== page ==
4. 4. ISSN: 2278 – 1323 International Journal of Advanced Research in Computer Engineering & Technology (IJARCET) Volume 2, Issue 7, July 2013 2381 www.ijarcet.org are actually interested in is nothing but the propagation delay, that would ultimate give us the frequency. [4] Quick delay estimation is the core basis of designing faster and critical paths. We may use the simulator based approach for our delay and hence frequency estimation purpose. But that does not help our understanding of paths in any case, hence faster; more efficient pathways cannot be developed. Novice designers, spend hours tweaking parameters to find out efficient model designs. In this section we take up a lumped circuit RC model of transistors. Although transistors have complex, nonlinear current voltage characteristics, they can be well approximated as a switch in series with a resistor, where the effective resistance would depend on the average current delivered by the transistor. Transistor gate and diffusion nodes have capacitance. So, we in this arena, devise a method, where the net delay measurement would be on the basis of driving resistance and load capacitance. Usually in the technology, we use devices of minimal length, and optimum power consumption. We take up the Elmore delay model [10] for our purpose of synthesizing the delay of the ring oscillator. Viewing ON transistors as resistors, a possible way of viewing the circuit is as shown in Figure 7. Elmore Delay states that the net delay over the whole Network is equivalent to the summation of the product of individual load capacitance at each node and the subsequent resistance between Node and Source. kCk Now, let’s take up the case of investigating how to implement the technique of Elmore delay to Ring oscillator. Ring oscillator does not contain any source as such, from where we would calculate the resistance per node. So, we take up an analogous method. We know, capacitors can act as voltage sources, when they are charged. Thus, for our sake, we take the ring oscillator to be composed of (N-1) +1 delay stages. So, for our analysis, there are N-1 stages of resistors and capacitors. The remaining stage is termed the ‘Engine stage’. We, take up that it is this capacitor- resistor stage that acts as voltage source. As ring oscillators have connected ends, we can take this ‘Engine stage’ anywhere in the ring. A better representation would involve, cutting the ring at the Kth node. (K≤N). So the (K+1)th node ((K+1) th stage of capacitance and resistance) is termed the engine node (engine stage). The remaining length of the ring is analyzed by Elmore delay analysis: There would be (N-1) stages of identical capacitance and resistance In case of added capacitive load, we take the capacitance as (Cp+Cl), where Cp is the intrinsic capacitance of the transistor and Cl is the added capacitive load at each level. So our formula becomes: Tpd = kCk........12. For no added capacitive load, for a N stage ring oscillator, this formula becomes: Tpd = N(N-1)RC/2.....13 (It is because, Tpd becomes RC + 2RC+...+ (N-1)RC, and the driving or engine stage is excluded as it acts as the source). So, a method has been devised to obtain both driving resistance and delay associated with a ring oscillator. Resistance has been calculated by the method given above. While delay estimation, is nothing but the summation of the product of estimated resistance and capacitance over (N-1) nodes. Now, it’s time to check whether our proposal holds experimentally by simulation, and thus bring about a detailed study about accuracy of the proposed method III. EXPERIMENTATIONS AND CHECKING OF THE PROPOSED METHOD Now, we will check whether our proposed method holds by using simulation tool LTspiceIV and BSIM 4.0 model using 50nm CMOS technology. First we have studied ring oscillators using 50nm CMOS technology with width of NMOS being 500nm and width of PMOS being 1000nm. All the stages have a capacitance of 0.01pf as has been shown in a table above. READINGS FOR A RING OSCILLATOR USING BSIM 4.0 MODEL WITH 50nm CMOS TECHNOLOGY. S.No. DELAY TABLE n power RC(in 10-11 s) Tdspice Tdcalcu. 1. 3 53.12 uW 5.161 0.13 ns 0.13 ns 2. 5 53.12 uW 2.167 0.21 ns 0.21 ns 3. 7 53.12 uW 1.661 0.30 ns 0.297 ns 4. 9 53.12 uW 1.090 0.41 ns 0.42 ns 5. 11 53.12 uW 0.876 0.46 ns 0.47 ns 6. 13 53.12 uW 0.73 0.56 ns 0.567 ns 7. 15 53.12 uW 0.63 0.69 ns 0.67 ns TABLE: 4 So, we find that our formulation does predict results with great accuracy as far as working with a
  5. 5. ISSN: 2278 – 1323 International Journal of Advanced Research in Computer Engineering & Technology (IJARCET) Volume 2, Issue 7, July 2013 2382 www.ijarcet.org Wp=1um, Wn=500nm, Lp,n=50nm based CMOS based ring oscillator. Now, we find out, whether our proposed method holds true for any generalized case, i.e. for any (W/L)p,n ratio. The table below shows the results of simulation using transistors of different (W/L) ratio. FREQUENCY RESPONSE WHEN THE (W/L) RATIOS ARE DIFFERENT S.No. DELAY TABLE n power Wp Wn Tdspice Tdcalcu. 1. 5 67.12 uW 1u 1u 0.21ns 0.19ns 2. 5 60.14 uW 1.25 u 0.5u 0.24ns 0.22ns 3. 5 95.40 uW 1u 3u 0.31ns 0.28ns 4. 5 240.6 uW 4u 3u 0.22ns 0.19ns 5. 5 53.11 uW 1u 0.5u 0.21ns 0.21ns TABLE: 5 Now, we see our formula operates with quite a high rate of precision for any value of (W/L) and N, for CMOS inverter stages. Now, if we can show, that this formula can operate beyond CMOS technology, the formula would encompass a huge working domain. For our purpose we would use DTMOS [1]. IV. COMPARISION OF RESULTS FOR DTMOS AND CMOS BASED RING OSCILLATORS So, we now begin our analysis of the formula, based on DTMOS technology. Using LTspiceIV simulator we have been able to get the following results. Model used is the same level 54 based BSIM 4.0 model. Ln = Lp =50nm. READINGS BASED ON DTMOS TECHNOLOGY BASED RING OSCILLATORS. S.No. DELAY TABLE n C(pF) Wp Wn Tdspice Tdcalcu. 1. 5 0.065 4u 3u 0.18ns 0.18ns 2. 5 0.035 4u 0.5u 0.30ns 0.29ns 3. 7 0.013 1u 0.5u 0.26ns 0.25ns TABLE: 6 So, we see our formula fits quite well for DTMOS based technology as well. So, there can’t be much questionability regarding the domain of the proposed method. Now, let’s incorporate the fact that power dissipation in the first case of the above given table is a staggering 396.107uWatt per stage. In the next case its a 133.83uWatt, while for the last case its 80.5338uWatt. What we can hence see, is that our formula works well for CMOS as well as DTMOS technologies. So, that generalizes the fact that this formula is well acceptable irrespective of the technology, irrespective of the device parameters. The above quoted technology further promises the fact of generalization because the ring oscillators can drive a higher frequency than CMOS based ones, although the power dissipation is a bit more than CMOS based ring oscillators. V. CONCLUSION Thus, the above study proves that the proposed method works well as far as single ended N stage ring oscillators are concerned irrespective of technology. Also, we get to bypass a number of parameters like Threshold voltage etc, and hence it comprehensively simplifies our work. This work is comparatively much better positioned than the previous works. It has all the abilities to find out frequency of operation irrespective of the technology being used. Figure1: DTMOS inverter Figure2: Ring oscillator using above inverter Figure3: Simulation results of above inverter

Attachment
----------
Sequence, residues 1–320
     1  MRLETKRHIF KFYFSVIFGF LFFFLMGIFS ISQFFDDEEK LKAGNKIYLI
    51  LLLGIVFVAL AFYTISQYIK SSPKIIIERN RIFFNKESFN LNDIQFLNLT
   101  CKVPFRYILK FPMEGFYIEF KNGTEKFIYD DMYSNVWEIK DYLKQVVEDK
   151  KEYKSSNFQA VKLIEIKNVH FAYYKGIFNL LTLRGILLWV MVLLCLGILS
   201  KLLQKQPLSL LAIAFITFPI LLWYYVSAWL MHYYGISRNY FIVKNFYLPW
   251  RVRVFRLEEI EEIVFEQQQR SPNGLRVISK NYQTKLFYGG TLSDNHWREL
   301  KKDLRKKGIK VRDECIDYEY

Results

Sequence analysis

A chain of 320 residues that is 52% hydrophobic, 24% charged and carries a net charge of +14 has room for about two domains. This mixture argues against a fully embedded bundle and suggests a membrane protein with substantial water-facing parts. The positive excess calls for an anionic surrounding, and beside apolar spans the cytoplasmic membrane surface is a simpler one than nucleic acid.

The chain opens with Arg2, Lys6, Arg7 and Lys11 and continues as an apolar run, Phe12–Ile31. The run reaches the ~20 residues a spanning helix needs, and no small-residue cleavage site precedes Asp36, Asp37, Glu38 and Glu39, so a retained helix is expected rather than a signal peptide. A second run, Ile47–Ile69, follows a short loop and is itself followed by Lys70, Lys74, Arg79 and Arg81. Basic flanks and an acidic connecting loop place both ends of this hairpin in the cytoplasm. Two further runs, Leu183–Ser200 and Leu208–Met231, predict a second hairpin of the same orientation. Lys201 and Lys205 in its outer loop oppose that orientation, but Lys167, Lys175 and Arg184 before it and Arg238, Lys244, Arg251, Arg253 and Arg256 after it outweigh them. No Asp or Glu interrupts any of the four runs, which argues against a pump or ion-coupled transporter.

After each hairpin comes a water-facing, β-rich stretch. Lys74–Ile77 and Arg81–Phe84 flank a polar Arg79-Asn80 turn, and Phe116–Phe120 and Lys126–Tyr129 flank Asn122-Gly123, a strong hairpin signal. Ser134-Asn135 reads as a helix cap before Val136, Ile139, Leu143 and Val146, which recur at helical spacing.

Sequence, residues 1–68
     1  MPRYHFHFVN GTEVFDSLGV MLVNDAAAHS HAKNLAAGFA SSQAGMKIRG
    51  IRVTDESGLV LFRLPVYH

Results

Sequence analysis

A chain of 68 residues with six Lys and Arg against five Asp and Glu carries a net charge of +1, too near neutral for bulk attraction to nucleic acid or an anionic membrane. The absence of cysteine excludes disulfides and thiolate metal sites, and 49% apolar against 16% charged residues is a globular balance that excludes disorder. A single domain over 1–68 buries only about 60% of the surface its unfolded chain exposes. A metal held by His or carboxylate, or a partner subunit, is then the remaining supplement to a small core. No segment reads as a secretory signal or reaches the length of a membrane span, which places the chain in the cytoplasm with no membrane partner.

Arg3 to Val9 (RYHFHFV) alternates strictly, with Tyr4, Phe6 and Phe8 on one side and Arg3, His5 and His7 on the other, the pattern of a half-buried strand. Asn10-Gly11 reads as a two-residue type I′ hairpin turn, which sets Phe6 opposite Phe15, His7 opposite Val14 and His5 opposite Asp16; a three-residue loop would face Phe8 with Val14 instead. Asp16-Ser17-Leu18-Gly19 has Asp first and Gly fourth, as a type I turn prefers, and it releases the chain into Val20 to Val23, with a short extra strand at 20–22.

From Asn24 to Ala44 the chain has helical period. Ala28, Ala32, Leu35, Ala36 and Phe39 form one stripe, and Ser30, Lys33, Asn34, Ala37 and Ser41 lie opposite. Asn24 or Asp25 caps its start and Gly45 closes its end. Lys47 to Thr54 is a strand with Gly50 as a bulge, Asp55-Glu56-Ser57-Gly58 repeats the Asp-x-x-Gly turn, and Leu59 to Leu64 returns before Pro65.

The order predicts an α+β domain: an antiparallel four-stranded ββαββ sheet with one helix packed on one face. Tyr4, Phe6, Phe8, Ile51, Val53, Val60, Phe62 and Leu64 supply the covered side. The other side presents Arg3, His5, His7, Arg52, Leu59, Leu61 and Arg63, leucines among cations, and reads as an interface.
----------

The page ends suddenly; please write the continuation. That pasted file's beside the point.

6. 6. ISSN: 2278 – 1323 International Journal of Advanced Research in Computer Engineering & Technology (IJARCET) Volume 2, Issue 7, July 2013 2383 www.ijarcet.org Figure4: CMOS inverter Figure5: Ring oscillator using the above CMOS Inverter Figure6: Simulation results of the above ring oscillator Figure7: RC ladder ACKNOWLEDGMENT I, Arya Tah want to thank my partner Debasish Kumar Rakshit who co-authored this work, and provided me with ample support. I want to thank our faculty mentor, Dr. Asish Kumar Mal of NIT Durgapur for all the support, suggestions and advice he has given us. Also, I want to thank my parents who have been by our side all throughout the span of this work. REFERENCES 1. Nick Lindert, Toshihiro Sugii, Stephen Tang, and Chenming Hu, “Dynamic threshold pass transistor logic for improved delay at low power supply voltages,” IEEE journal of solid state circuits, Vol.34, No.1, Jan 1999. 2. P.M.Faharabadi, H.Miar-Naimi and A.Ebrahimzadeh, “A New Solution to analysis of CMOS ring oscillators,” Iranian Journal of Electrical & Electronic Engineering, Vol. 5, No. 1, March 2009. 3. Adel S. Sedra and Kenneth C. Smith, “ Microelectronic Circuits,” Pages 432 to 434, Fifth Edition. 4. Herbert Taub and Donald Schilling, “Digital Integrated Electronics”,Pages 274 to 275. 5. Adel S. Sedra and Kenneth C. Smith, “ Microelectronic Circuits,” Pages 603 to 606, Fifth Edition. 6. Mohan V. Dunga, Xuemei (Jane)Xi, Jin He , Weidong Liu,Kanyu M. Cao, Xiaodong Jin, Jeff J. Ou, Mansun Chan, Ali M. Niknejad, Chenming Hu, “BSIM 4.6.0 MOSFET model,” Department of electrical engineering and computer sciences, University of California, Berkeley. 7. Adel S. Sedra and Kenneth C. Smith, “ Microelectronic Circuits,” Pages 904 to 905, Fifth Edition. 8. Yalcin Alper Eken, “ High frequency Voltage controlled oscillator in standard CMOS,” School of Electrical and Computer Engineering, Georgia Institute of Technology 9. G. Jovanovic, M. Stojcev, Z. Stamenkovic, “A CMOS Voltage controlled oscillator with improved frequency stability”, Scientific publications of the state university of Novi-Pazar, Ser.A, Applied Math. Inform. and Mech. Vol 2,1(2010), 1-9 10. Unknown, “Circuit Characterization and Performance Estimation.” Weste04r4.fm,page-67, Monday, January 5,2004.Link::http://www.aw- bc.com/info/weste/assets/downloads/ch4.pdf